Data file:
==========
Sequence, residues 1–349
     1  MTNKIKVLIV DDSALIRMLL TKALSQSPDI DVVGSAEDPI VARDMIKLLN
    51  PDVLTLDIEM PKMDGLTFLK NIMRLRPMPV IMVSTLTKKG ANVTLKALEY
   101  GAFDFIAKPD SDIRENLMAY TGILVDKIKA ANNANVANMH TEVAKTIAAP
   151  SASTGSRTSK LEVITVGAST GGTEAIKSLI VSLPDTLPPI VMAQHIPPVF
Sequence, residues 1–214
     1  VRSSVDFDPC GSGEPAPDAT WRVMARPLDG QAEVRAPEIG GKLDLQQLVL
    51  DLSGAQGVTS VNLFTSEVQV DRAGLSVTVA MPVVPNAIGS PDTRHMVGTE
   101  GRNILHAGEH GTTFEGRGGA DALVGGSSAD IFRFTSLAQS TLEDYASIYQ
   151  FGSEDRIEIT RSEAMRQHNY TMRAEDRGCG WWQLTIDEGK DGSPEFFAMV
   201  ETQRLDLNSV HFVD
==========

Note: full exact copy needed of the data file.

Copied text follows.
Sequence, residues 1–349
     1  MTNKIKVLIV DDSALIRMLL TKALSQSPDI DVVGSAEDPI VARDMIKLLN
    51  PDVLTLDIEM PKMDGLTFLK NIMRLRPMPV IMVSTLTKKG ANVTLKALEY
   101  GAFDFIAKPD SDIRENLMAY TGILVDKIKA ANNANVANMH TEVAKTIAAP
   151  SASTGSRTSK LEVITVGAST GGTEAIKSLI VSLPDTLPPI VMAQHIPPVF
Sequence, residues 1–214
     1  VRSSVDFDPC GSGEPAPDAT WRVMARPLDG QAEVRAPEIG GKLDLQQLVL
    51  DLSGAQGVTS VNLFTSEVQV DRAGLSVTVA MPVVPNAIGS PDTRHMVGTE
   101  GRNILHAGEH GTTFEGRGGA DALVGGSSAD IFRFTSLAQS TLEDYASIYQ
   151  FGSEDRIEIT RSEAMRQHNY TMRAEDRGCG WWQLTIDEGK DGSPEFFAMV
   201  ETQRLDLNSV HFVD